From Graffiti to the Gallery, Futura Talks About Art

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After 32 years, artist Futura is back with a solo exhibition in New York, his hometown where he first developed his reputation as a graffiti writer.

Born Leonard McGure, Futura made his reputation spray painting subway trains in New York City in the 1970s as “Futura 2000” — the number was dropped in 1999. He would go on to be part of the booming graffiti and street art movement in the 1980s, but was forced to depend on European venues and collectors after attention in the United States quickly dried up in the late 1980s, though he did go on to collaborate with various American fashion and music labels.

Now he’s back with his first solo New York exhibition in 32 years, which is taking place at Eric Firestone Gallery in Manhattan. In this conversation, he generously shares his insight into the mercurial art world, what motivates him to continue making work, and reflections on a scene that continues to change.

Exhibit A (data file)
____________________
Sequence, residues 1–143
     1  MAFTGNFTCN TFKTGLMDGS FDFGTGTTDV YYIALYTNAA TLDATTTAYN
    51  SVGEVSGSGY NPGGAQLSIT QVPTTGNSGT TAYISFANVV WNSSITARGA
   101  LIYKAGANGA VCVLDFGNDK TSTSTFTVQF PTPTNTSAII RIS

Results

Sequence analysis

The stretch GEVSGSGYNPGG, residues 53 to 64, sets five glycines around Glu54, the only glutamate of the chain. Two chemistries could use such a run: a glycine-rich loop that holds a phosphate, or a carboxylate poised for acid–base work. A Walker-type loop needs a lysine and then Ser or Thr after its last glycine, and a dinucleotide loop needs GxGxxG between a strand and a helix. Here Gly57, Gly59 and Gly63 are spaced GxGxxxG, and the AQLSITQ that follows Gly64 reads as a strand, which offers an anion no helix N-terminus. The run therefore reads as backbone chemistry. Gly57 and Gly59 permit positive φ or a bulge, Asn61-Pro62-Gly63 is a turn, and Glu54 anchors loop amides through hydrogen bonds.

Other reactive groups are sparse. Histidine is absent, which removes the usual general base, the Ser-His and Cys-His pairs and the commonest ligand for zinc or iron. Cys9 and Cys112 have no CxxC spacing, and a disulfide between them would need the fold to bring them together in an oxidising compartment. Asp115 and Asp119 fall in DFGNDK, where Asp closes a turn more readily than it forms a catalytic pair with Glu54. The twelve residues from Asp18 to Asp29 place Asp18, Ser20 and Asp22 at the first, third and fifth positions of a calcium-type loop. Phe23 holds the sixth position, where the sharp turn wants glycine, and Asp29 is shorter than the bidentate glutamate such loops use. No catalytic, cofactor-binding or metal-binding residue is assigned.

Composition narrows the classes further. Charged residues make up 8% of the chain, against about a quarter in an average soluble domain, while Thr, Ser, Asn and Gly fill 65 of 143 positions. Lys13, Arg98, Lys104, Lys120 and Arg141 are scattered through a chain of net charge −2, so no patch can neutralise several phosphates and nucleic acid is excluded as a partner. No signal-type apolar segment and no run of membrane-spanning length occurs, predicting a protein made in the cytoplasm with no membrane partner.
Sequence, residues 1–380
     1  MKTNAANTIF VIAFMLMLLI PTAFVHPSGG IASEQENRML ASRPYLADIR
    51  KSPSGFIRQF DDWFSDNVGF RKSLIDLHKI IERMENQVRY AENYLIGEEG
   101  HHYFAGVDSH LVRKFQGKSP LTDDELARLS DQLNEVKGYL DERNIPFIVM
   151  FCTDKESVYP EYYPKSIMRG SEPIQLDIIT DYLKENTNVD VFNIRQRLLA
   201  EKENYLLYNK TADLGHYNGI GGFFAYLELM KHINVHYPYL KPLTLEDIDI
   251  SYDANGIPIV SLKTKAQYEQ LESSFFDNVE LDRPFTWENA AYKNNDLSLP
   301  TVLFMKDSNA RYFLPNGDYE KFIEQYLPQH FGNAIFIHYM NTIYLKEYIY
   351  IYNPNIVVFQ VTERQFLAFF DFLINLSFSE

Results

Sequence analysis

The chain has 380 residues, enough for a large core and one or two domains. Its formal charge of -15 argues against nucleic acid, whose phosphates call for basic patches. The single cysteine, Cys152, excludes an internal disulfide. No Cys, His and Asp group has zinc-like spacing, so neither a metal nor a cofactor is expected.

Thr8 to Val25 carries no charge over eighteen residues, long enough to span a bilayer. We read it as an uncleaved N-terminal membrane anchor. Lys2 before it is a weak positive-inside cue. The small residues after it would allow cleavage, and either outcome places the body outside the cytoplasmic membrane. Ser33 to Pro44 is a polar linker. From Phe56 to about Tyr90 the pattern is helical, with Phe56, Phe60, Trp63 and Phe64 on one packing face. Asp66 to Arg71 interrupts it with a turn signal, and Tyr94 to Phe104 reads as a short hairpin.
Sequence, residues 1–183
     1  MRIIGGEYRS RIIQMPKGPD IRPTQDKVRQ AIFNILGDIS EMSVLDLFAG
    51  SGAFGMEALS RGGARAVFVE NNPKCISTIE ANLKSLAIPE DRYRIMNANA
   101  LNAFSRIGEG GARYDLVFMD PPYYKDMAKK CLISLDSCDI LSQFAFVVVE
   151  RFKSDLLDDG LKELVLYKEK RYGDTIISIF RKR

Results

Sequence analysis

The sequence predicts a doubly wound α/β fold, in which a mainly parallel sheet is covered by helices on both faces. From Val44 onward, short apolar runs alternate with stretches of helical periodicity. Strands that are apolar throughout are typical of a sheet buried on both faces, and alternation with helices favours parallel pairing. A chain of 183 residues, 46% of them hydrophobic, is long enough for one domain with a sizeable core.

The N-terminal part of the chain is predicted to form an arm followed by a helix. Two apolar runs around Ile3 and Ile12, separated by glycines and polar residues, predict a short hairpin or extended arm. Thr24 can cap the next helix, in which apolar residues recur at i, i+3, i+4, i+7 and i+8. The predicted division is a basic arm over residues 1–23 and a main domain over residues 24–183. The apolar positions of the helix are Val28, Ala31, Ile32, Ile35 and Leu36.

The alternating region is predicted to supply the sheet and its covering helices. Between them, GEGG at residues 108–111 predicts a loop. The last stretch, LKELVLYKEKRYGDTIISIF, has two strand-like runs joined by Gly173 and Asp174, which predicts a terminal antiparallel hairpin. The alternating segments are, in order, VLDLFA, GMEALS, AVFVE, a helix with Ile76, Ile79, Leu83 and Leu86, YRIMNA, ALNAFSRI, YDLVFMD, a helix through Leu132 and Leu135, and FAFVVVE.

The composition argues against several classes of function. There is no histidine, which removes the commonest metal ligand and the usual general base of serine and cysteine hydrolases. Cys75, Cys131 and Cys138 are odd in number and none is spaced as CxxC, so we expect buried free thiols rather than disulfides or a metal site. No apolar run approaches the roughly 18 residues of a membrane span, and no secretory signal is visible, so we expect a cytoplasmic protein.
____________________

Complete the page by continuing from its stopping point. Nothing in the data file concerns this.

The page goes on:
The music in this episode is Lara Sarkissian’s “A House is a Being,” from the album Grief Into Rage: A Compilation for Beirut, which is raising funds for victims of the Beirut blast last August. I’m sending love to those who continue to grapple with that horrific event.

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From Graffiti to the Gallery, Futura Talks About Art
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